-o dac -+rtmidi=null -+rtaudio=null -d -+msg_color=0 -M0 -m0
;-iadc    ;;;uncomment -iadc if realtime audio input is needed too
; For Non-realtime ouput leave only the line below:
; -o repluck.wav -W ;;; for file output any platform

sr = 44100 
ksmps = 32 
0dbfs  = 1 
nchnls = 2

instr 1

iplk  = 0.75
kamp  = .8
icps  = p6 + rnd(100)
krefl = p4 + rnd(0.5)
kpick = p5 + rnd(0.9)

axcite oscil 1, 1, 1
asig repluck iplk, kamp, icps, kpick, krefl, axcite
asig dcblock2 asig		;get rid of DC offset
     outs asig, asig

f 1 0 16384 10 1	;sine wave.

r 20
t 0 110
i 1 0 1 0.95 0.75	 441;sounds heavier (=p5)
i 1 + 1  < 821
i 1 + 1  < 661
i 1 + 1  < 567
i 1 + 0.25 0.6 991

II. Let’s Jam!

Run your CSD on Android

Figure 2. Victor's CSD Player on an Ice Cream Sandwich tablet.

It is not hard to install Csound on an Android device. You do not need to compile Csound from source or anything difficult like that, you just need to tweak some settings on your device to enable it to install an APK file that comes from outside the marketplace. The procedure for doing this differs for different devices and versions of Android, so you will need to look up how to do this for your device. After this setting has been set, point your mobile browser to and download the latest version of CsoundApp.apk. Once downloaded and installed, you should see an icon for the CSD Player app.

Csound on Android has a couple of special needs. First, in the header of our CSD, we are going to use this setting for audio output:

-odac -+rtaudio=null -d

On desktop Csound we are used to seeing a flag like this:

-odac   ;;;realtime audio out

The flag "-d" is used to suppress display, and +rtaudio=null is used to tell it we are not using a desktop audio module such as ASIO or ALSA. We are still using dac as our output, but the Csound Android library handles configuring and setting up the OpenSL driver.

Csound CSD files that do not require interaction can be run as is. To use the UI elements in the CSD Player app, the application uses a set of Csound channels that map to a set of user interface elements. It uses the names of the elements, such as "trackpad.x", "trackpad.y", "button1", "button2", etc. Your Csound project can then access the values of the elements using the chnget opcode.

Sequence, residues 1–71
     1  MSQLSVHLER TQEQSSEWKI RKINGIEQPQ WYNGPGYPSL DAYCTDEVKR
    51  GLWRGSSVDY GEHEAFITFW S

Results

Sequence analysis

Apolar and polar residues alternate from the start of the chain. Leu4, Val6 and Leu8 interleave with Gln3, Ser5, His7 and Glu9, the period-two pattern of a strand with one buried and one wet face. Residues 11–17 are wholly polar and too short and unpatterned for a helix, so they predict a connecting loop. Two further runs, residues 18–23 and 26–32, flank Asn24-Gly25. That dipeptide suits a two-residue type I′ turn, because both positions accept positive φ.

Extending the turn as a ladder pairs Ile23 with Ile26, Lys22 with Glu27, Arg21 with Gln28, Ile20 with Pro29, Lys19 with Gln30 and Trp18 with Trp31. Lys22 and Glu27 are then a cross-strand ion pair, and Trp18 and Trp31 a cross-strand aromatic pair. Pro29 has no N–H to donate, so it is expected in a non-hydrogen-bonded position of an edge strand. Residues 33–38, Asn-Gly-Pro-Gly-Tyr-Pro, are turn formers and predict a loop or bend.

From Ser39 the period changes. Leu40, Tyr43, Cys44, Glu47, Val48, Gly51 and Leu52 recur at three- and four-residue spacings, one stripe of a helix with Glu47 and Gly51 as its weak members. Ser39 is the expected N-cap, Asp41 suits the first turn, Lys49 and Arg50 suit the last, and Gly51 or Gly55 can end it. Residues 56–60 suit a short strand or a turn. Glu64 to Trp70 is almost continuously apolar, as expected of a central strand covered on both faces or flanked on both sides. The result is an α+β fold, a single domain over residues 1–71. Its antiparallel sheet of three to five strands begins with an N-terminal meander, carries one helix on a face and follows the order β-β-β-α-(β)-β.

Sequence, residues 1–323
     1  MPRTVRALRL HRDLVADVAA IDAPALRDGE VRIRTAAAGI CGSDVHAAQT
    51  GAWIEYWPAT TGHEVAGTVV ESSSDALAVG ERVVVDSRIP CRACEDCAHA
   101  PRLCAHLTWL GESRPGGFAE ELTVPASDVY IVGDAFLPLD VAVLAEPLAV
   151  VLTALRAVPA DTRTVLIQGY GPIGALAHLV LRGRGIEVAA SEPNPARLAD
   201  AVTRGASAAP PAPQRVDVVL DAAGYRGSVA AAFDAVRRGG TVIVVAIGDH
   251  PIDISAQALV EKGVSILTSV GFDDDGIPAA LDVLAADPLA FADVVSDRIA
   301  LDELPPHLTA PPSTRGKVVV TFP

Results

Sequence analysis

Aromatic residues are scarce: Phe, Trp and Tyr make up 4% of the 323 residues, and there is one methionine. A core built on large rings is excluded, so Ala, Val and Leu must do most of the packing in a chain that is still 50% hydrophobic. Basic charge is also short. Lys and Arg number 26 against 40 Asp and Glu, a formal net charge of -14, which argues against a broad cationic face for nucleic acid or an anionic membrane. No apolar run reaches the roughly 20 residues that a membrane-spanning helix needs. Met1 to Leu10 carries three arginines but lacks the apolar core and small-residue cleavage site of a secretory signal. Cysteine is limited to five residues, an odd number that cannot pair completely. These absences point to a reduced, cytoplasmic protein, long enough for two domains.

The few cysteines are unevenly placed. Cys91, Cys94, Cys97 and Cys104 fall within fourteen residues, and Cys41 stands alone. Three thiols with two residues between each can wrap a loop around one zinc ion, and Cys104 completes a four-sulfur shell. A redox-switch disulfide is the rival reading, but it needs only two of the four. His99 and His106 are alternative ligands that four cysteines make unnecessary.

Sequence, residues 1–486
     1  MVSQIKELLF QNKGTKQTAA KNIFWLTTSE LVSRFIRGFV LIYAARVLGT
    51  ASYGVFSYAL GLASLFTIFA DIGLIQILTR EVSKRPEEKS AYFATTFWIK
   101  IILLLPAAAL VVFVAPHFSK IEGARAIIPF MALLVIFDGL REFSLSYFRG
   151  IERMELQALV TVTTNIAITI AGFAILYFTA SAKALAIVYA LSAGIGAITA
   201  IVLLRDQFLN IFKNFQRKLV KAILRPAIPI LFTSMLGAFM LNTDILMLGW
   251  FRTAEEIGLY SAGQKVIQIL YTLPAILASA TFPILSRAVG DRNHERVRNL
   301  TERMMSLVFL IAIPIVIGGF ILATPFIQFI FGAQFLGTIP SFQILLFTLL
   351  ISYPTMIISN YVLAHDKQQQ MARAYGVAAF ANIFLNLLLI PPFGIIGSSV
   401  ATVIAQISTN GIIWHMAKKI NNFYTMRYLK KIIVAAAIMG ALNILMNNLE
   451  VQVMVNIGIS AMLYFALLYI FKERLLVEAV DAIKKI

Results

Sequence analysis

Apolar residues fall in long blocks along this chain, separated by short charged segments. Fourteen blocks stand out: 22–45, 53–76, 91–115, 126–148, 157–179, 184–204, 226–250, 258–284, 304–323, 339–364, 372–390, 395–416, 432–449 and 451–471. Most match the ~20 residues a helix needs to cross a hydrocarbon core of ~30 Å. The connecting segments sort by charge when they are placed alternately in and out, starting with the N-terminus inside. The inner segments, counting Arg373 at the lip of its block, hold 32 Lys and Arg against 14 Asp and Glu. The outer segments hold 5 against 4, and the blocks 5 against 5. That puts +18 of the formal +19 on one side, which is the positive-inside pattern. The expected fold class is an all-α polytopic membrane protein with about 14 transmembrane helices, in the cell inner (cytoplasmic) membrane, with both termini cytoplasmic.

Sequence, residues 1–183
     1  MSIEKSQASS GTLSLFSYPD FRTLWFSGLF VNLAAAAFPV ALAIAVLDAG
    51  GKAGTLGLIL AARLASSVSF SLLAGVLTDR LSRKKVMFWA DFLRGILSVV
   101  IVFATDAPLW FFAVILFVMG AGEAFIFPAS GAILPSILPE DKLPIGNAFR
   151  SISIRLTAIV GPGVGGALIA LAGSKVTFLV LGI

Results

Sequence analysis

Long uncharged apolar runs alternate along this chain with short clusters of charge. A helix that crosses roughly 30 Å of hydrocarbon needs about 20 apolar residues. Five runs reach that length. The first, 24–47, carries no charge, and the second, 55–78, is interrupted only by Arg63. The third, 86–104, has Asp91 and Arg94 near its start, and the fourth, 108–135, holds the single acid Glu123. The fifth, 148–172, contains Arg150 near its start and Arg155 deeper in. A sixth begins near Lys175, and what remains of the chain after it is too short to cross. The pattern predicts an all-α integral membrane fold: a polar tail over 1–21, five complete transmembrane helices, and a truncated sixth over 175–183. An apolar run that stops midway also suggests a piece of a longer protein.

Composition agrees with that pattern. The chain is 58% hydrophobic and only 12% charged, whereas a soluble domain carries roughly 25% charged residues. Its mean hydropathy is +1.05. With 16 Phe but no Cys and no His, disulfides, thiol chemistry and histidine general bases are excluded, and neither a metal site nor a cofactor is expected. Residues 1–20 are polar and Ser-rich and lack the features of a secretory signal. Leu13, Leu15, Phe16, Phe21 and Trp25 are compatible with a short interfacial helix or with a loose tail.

Note: currently, the CSD Player does not use multitouch, although in the Csound Android API Examples you can find an example that uses multitouch. Therefore, this is not a limitation of the Csound API, but rather just the way the player app is designed at the moment.

As far as the headers go, you have some different options. Android will handle both mono and stereo and you can use 0dbfs settings if you are using an opcode that calls for that setting.

The first thing I do is initialize my trackpad. There is no need to initialize the sliders, because those work fine on their own without initialization.

k1 init 1

Once I set that up, I can set my channels, which are set to k type variables.

k1 chnget "trackpad.x"
k2 chnget "slider1"
k3 chnget "slider2"
k4 chnget "slider3"

As these receive a value between 0.0 to 1.0, I need to scale all of them except for the resonance because that naturally takes a value within default range. I do extra scaling on frequency so I can get some interesting aliasing effects when I use high frequencies, achieving a dubstep-type screech. For the filter rate, I divide the value by 1000 to get a usable value for that parameter. The little bit of scaling math you need to do is going to vary depending upon your choice of opcodes.